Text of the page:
On March 17, 2013, 28-year-old Anthony Ibarra was found murdered in Santa Maria. Eight defendants have been charged with his death. All six are facing charges of murder, street terrorism, committing murder for a criminal street gang, lying in wait, torture, and kidnapping. The special circumstances associated with this murder make the six offenders eligible for the death penalty. (KCOY News, March 26). According to the Santa Maria Police Department, four of the six charged were on Post-Release Community Supervision under AB109 at the time of the murder. Ramon David Maldonado, 37, Reyes Gonzales Jr., 42; Pedro Torres, 54; and David Murillo Maldonado, 55; each have served multiple prison terms and committed numerous parole violations. Even though all four have a history of firearm offenses and gang activity, only their most recent offenses were considered when they were labeled as non-violent, non-serious, and non-sexual offenders and placed on county supervision.
Transient sex offender Jerome Anthony Rogers was arrested for the November 14, 2012, home invasion murder of 76-year-old Mary Beth Blaskey. According to San Bernardino Police Chief Rob Handy, Rogers's DNA matches samples taken from the crime scene. Rogers is also being investigated for the December 2010 murder of Wanda Paulin, 86, and the September 2005 murder of 90-year-old Josephine Kelley. Rogers's criminal history includes sodomizing a 14-year-old girl. Rogers was sentenced to 36 months probation late last year for failing to register as a sex offender. (San Bernardino Sun, April 8).
Michael Anthony Wyatt, a felony sex offender, was arrested on a Clovis high school campus in March. He was released from Fresno county jail because of overcrowding, a direct result of Realignment. (ABC 30, April 6). Wyatt was rearrested on March 28 when a concerned parent reported Wyatt walking with two children down a street, which violated his probation. He was heading toward a field where children were Easter egg hunting. At the time of Wyatt's arrest, officers found lubricant and condoms in his possession. Since June 2012, Wyatt has been arrested and released more than 23 times under AB109. Some of these arrests include sexual battery and committing a lewd act. (ABC 30, March 28).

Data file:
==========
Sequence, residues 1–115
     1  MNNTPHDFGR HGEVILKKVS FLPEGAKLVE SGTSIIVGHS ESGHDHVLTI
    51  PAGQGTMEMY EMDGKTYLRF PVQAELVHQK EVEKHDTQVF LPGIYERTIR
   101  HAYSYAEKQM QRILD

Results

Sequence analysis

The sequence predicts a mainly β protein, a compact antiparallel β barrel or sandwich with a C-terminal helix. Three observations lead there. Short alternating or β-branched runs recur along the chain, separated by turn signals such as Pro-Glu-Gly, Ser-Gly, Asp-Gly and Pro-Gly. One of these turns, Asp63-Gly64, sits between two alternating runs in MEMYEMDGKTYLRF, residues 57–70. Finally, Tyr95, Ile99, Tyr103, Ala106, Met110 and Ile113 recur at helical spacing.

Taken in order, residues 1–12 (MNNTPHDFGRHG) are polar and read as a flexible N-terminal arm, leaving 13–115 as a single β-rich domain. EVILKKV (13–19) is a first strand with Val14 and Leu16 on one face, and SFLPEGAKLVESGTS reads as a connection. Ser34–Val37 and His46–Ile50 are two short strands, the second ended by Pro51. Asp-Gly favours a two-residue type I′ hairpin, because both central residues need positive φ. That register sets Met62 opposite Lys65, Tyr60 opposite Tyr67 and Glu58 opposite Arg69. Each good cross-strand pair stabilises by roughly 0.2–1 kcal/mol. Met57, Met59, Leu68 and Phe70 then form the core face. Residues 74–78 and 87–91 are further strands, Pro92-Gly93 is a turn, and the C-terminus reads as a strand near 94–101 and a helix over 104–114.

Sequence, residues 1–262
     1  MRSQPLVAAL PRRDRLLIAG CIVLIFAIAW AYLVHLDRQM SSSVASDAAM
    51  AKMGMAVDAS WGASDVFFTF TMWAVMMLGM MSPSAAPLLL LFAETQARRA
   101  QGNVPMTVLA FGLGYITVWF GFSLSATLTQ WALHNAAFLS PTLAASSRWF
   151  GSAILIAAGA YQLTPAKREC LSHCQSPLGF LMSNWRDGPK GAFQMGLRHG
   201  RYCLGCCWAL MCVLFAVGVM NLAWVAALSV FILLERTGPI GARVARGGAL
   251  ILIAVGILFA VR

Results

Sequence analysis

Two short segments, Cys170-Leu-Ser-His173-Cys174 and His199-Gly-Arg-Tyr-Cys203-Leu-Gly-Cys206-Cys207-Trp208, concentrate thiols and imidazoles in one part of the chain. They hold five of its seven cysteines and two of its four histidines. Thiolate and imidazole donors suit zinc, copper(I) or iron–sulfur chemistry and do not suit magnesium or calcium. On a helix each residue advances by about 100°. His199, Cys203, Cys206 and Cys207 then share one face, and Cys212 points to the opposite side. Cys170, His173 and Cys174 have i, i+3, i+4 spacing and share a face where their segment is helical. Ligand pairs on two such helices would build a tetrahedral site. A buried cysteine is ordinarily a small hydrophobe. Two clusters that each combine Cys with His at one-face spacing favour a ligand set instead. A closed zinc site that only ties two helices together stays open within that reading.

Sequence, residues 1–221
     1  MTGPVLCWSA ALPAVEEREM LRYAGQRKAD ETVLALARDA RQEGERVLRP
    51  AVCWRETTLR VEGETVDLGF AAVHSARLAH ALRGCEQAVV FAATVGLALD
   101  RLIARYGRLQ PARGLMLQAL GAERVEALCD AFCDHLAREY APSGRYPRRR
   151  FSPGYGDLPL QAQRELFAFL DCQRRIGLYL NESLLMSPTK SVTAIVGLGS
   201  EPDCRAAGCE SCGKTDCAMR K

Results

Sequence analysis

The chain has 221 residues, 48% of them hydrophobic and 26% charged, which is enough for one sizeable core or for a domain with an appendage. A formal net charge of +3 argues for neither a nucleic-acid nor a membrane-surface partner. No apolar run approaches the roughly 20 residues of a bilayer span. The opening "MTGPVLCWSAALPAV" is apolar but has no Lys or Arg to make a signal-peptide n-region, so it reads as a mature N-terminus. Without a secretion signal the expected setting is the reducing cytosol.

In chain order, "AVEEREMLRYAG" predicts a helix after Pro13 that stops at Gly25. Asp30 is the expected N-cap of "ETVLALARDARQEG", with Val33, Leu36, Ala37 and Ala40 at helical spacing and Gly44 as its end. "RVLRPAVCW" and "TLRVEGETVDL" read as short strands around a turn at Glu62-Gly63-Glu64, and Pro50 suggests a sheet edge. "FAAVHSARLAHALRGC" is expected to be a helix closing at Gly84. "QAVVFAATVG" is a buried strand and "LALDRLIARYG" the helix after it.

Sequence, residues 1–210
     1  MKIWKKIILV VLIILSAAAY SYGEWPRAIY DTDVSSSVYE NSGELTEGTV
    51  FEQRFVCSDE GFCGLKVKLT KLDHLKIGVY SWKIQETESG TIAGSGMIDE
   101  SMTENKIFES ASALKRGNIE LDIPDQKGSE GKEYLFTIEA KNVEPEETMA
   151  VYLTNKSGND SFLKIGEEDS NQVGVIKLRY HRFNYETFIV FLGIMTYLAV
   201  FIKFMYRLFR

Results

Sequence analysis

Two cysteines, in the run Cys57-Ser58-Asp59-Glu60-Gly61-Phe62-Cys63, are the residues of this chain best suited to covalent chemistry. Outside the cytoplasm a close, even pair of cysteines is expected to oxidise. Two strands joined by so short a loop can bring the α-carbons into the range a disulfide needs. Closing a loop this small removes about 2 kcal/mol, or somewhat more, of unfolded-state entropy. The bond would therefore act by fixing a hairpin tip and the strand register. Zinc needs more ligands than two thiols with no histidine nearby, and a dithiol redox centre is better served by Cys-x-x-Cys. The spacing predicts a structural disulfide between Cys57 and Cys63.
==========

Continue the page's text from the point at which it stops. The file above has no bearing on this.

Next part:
On April 10, Sergio Ballesteros was arrested for the attempted murder of a man in El Monte. The victim was stabbed in the neck multiple times but survived. According to El Monte Police Sergeant Ben Lowry, Ballesteros was on Post-Release Community Supervision at the time of the attack. (San Gabriel Valley Tribune, April 11).
Over the past year, supporters of Realignment initially told Californians that the law was working to reduce recividism and saving tax dollars. Later, we were told that compiling news stories about crimes committed by criminals set free due to Realignment was ‘fear mongering' and that the FBI data, showing that crime was increasing was not conclusive. Now we are being told that Realignment can succeed but it will take more time.
"How many innocent Californians must have their lives ended or seriously damaged until the excuses end and our elected representatives in Sacramento take action to stop this?" asked Foundation President Michael Rushford.